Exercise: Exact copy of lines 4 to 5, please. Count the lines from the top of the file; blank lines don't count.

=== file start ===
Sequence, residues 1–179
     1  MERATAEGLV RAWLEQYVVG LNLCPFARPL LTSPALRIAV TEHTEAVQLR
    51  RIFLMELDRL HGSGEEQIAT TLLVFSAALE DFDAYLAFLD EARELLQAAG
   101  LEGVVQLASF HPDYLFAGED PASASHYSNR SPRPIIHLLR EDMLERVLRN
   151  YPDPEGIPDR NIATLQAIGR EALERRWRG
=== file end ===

   101  LEGVVQLASF HPDYLFAGED PASASHYSNR SPRPIIHLLR EDMLERVLRN
   151  YPDPEGIPDR NIATLQAIGR EALERRWRG